In his third chapter on the French Revolution, Neil Faulkner discusses the contradictions of bourgeois revolution - but celebrates the gains it won.
The Jacobin dictatorship of Year II (1793-1794) took radical measures to mobilise the masses in the struggle against counter-revolution. By the summer of 1794, internal revolt had been suppressed, and the French army had occupied Brussels. The immediate threat was dissolved.
The bourgeoisie represented in the National Convention had been cajoled or coerced into supporting the Jacobin-dominated Committee of Public Safety as long as the emergency lasted. The Jacobins’ democratic radicalism and links with the popular movement had been an inescapable and necessary evil.
When the emergency ended, class interest reasserted itself, and bourgeois support for the government drained away. Gratitude is not a political attitude.
Robespierre had many enemies. To maintain its balance, suspended between the bourgeoisie and the sansculottes, the dictatorship had struck down enemies to the right and to the left. These forces now combined to overthrow the regime.
Sensing that power was slipping away, Robespierre called for another mass purge. On 27 July 1794, his enemies in the Convention howled him down and then issued an arrest warrant against him and his political allies.
The Jacobins retreated to the City Hall and called for a revolutionary journée (insurrection). But support was patchy. The regime had attacked its own supporters, executing left activists, lifting a ban on food speculation, and imposing wage cuts. Only 16 of the 48 Paris sections (wards) sent armed men to City Hall. These dispersed after several hours standing around without leadership.
The Jacobin leaders were then arrested, tried, and executed. Robespierre, St Just, Couthon, and 18 others were guillotined on 28 July. Another 71 Jacobins followed the next day.
Some left-wingers had participated in the coup of ‘Thermidor’ (the name of the month when it occurred according to the revolutionary calendar). This was a mistake. Their mass base had crumbled. It soon became clear that Thermidor had been a reactionary coup: it had shifted power to the right.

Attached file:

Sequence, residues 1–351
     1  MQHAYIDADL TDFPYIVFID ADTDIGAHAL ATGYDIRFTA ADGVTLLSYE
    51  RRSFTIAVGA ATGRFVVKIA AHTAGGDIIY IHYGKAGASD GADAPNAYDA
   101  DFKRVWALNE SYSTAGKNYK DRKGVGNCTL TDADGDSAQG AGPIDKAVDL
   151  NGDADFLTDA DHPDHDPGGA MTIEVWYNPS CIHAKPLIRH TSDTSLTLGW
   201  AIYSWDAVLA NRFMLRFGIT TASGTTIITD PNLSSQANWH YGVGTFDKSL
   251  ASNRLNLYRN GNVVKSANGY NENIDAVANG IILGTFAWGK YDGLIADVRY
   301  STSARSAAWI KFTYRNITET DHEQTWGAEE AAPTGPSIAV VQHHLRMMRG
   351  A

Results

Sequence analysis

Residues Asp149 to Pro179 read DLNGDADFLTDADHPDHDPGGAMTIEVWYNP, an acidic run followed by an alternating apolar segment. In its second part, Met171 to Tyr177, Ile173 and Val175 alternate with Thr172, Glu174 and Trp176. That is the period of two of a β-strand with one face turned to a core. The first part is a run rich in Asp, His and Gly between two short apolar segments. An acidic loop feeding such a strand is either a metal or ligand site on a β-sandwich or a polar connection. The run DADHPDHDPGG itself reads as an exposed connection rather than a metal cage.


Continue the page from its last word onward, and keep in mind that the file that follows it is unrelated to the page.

The streets filled with gangs of rich young thugs (jeunesse dorée: gilded youth). A mob of them shut down the Jacobin Club. A property qualification for voting was introduced. A ‘white terror’ raged. Desperate risings of the sansculottes were crushed in April and May 1795 (the revolts of ‘Germinal’ and ‘Prairial’).
The balance tipped further to the right, and resurgent royalists attempted a coup in October 1795 (the revolt of ‘Vendémiaire’). This was crushed – by a young artillery officer called Napoleon Bonaparte with ‘a whiff of grapeshot’ – but it revealed the instability of the Thermidorian regime.
Thermidor had not been a counter-revolution. It had been a bourgeois reaction against radical democracy within the revolution. But by demoralising and demobilising the mass movement, the bourgeoisie had made royalist counter-revolution more possible.
The Thermidorians therefore concentrated power in the hands of a five-man ‘Directory’ – a strong-arm executive that would deal equally firmly with popular uprisings and royalist counter-revolution.
But the Directory was unable to secure an electoral mandate for its rule. In 1797, it was transformed into an effective dictatorship dependent on the support of the Army. This anomaly was resolved in November 1799, at the coup of ‘Brumaire’, when Napoleon, the Army’s greatest general, seized power. The new ‘First Consul’ had himself crowned ‘Emperor’ in 1804.
The coup of Brumaire ended the French Revolution, but it did not reverse it; on the contrary, it consolidated and defended its essential gains. Napoleon, like Cromwell, was the soldier of the revolution, not its nemesis.
Feudal dues had gone for good. The peasants kept their land. The economy remained free of internal customs. A national system of administration had been established, there was equality under the law, and the Church had been separated from the state. Even in 1815, when a king was reimposed by foreign bayonets, the ancien regime could not be restored.